County Approves $95 Million For Safe, Clean Water Program Regional Projects
In the SGV, $25.1 million will go toward 9 infrastructure projects, 2 scientific studies, and 12 technical studies
Last week the Los Angeles County Board of Supervisors approved $95.3 million for the first year of funding for the Safe, Clean Water Program‘s regional program. The money will be used to fund 41 infrastructure projects, 16 technical resources projects, 4 scientific studies, and 12 Watershed Coordinators.
The San Gabriel Valley will receive more than $25.1 million this cycle, which will fund 9 infrastructure projects, 2 scientific studies, and 12 technical studies.
“After years of study and community engagement and project development, we’re finally going to see the fruits of our labor,” said Hilda Solis, District 1 supervisor.
The ideas for the projects, personnel, and studies funded were developed and recommended by nine steering committees representing watershed areas throughout the county. Each area has compiled a Regional Program Stormwater Investment Plan which includes infrastructure, technical resources and scientific studies. The nine SIPs will receive $378.9 million over the next 5 years. Of the $358.1 million budgeted for infrastructure projects, $320 million will be invested in disadvantaged communities.
The board also directed Public Works staff to hire 12 watershed coordinators with a budget of $2.3 million annually for the next three years.
The Safe Clean Water Program, or Measure W, is a parcel tax that provides local, dedicated funding for rainwater and urban runoff management to increase the region’s local water supply, improve water quality, and protect public health. The regional program makes up half of the Safe Clean Water Program’s budget, which is estimated to generate $285 million per year.
Because the project list is pretty extensive, below are highlights of the projects that will receive the most money for this first cycle:
- East Los Angeles Sustainable Median Stormwater Capture Project ($7 million) – Los Angeles County
- Garvey Avenue Grade Separation Drainage Improvement Project ($4 million) – city of El Monte
- Located in El Monte, development over the last 85 years development has increased stormwater runoff and flooding, specifically at Garvey Avenue’s grade separation sump. This project proposes a new storm drain and infiltration system to alleviate the flooding. The proposed storm drain improvements are located south of the 10 Freeway and the general alignment is southeast along Maxson Place, then across Garvey Avenue running through an easement on private property to the existing storm drain system at Durfee Avenue. The project is expected to receive more than $13.5 million over the next 5 years.
- Bassett High School Stormwater Capture Multi-Benefit Project ($3 million) – Los Angeles County
- This project is expected to receive more than $31 million over the next 5 years. The project would create a regional, multi-benefit, stormwater capture project at Bassett High School in the city of La Puente.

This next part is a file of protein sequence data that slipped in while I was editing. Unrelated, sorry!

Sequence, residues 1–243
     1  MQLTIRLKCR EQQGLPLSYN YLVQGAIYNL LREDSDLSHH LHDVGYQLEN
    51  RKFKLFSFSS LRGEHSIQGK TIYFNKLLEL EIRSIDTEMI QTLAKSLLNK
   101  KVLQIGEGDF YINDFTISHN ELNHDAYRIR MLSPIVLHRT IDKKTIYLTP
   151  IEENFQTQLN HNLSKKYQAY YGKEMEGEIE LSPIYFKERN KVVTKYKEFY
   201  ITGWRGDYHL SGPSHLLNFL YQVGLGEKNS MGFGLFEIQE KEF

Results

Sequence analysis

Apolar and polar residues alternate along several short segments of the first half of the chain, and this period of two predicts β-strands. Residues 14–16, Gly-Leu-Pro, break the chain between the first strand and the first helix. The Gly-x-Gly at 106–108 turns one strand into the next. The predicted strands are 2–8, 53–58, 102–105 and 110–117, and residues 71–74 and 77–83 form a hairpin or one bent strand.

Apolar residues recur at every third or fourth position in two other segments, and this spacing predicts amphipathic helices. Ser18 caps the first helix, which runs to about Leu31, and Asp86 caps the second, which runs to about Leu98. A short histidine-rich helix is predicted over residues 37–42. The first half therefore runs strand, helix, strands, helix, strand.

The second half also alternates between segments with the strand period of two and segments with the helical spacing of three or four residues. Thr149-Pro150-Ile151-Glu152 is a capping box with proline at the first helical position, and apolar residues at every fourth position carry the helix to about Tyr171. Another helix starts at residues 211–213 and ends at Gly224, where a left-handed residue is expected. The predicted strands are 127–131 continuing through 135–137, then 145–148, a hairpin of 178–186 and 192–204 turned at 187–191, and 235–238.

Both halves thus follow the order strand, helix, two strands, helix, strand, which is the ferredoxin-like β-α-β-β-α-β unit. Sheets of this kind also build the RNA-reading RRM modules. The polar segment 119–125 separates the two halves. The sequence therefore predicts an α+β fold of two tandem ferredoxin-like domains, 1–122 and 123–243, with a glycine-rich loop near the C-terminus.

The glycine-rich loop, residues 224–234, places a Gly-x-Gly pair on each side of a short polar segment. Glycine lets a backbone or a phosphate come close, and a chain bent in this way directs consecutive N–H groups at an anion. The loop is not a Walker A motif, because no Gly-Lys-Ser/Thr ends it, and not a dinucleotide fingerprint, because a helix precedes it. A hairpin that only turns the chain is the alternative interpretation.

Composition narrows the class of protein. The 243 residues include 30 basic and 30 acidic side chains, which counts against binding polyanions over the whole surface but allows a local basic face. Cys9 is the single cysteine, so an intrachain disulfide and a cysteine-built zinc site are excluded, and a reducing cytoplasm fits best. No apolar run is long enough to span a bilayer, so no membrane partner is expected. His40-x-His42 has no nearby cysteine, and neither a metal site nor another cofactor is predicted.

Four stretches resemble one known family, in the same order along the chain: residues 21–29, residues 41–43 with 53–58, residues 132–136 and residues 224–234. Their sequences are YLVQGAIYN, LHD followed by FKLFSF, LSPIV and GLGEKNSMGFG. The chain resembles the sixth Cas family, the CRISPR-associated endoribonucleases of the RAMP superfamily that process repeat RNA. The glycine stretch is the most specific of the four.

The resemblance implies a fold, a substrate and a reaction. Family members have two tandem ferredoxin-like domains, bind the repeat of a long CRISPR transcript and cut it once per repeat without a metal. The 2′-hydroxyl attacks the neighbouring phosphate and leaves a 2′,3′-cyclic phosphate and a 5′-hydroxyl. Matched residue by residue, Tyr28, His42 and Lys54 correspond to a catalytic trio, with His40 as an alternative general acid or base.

- Adventure Park Multi-Benefit Stormwater Capture Project ($2 million) – Los Angeles County Public Works
- This multi-benefit project is located at Adventure Park in the unincorporated county area of South Whittier. The project will collect up to 50 cubic feet per second of runoff from Sorenson Drain, and convey it to a pretreatment system and 19.5-acre foot of underground storage, and sending some to the sewer system for treatment and reuse. The project will also include recreational features: athletic fields, trees, and bioswales planted with native species. The project is expected to receive more than $13.5 million over the next 5 years.
For a full list of the approved regional projects, click here; for a full list of SGV projects, click here.
Advocates such as Los Angeles Alliance for a New Economy, Our Water L.A. and Nature for All lauded the passed budget. But, in an Our Water L.A. blog post, the group still says there’s work to be done:
We’re proud to continue to play a role in informing and guiding the Safe Clean Water Program. Still, we know that for the program to live up to its full promise, it must be accountable to and follow the lead of communities who are striving for clean water and healthy communities for all, including these ongoing priorities:
Nature-Based Solutions: The program needs to prioritize investments in projects that provide multiple benefits for communities, including projects that include climate adaptation and mitigation in their design and implementation and that foster community stewardship of local projects.
Community-Led Project Design: The program overall and all steering committees need to sustain community engagement throughout all projects’ development, implementation, operation, and maintaining.
Metrics for Community Investments: The program needs more metrics and transparent processes to achieve its goals and community benefits.
Jobs: The program needs to promote green jobs and career pathways with an emphasis on local hire and good paying jobs. The program should support local hiring for the equitable distribution of funds and to help foster a sense of community pride and stewardship for local projects. Workforce development pipelines and programs should be established to connect communities to job opportunities.
For more details, see also the L.A. County Staff Report (SCWP Budget-SGV Projects) and L.A. County Staff Report (SCWP Budget)
SBLA San Gabriel Valley coverage, including this article and SGV Connect, is supported by Foothill Transit, offering car-free travel throughout the San Gabriel Valley with connections to the new Gold Line Stations across the Foothills and Commuter Express lines traveling into the heart of downtown L.A. To plan your trip, visit Foothill Transit. “Foothill Transit. Going Good Places.”
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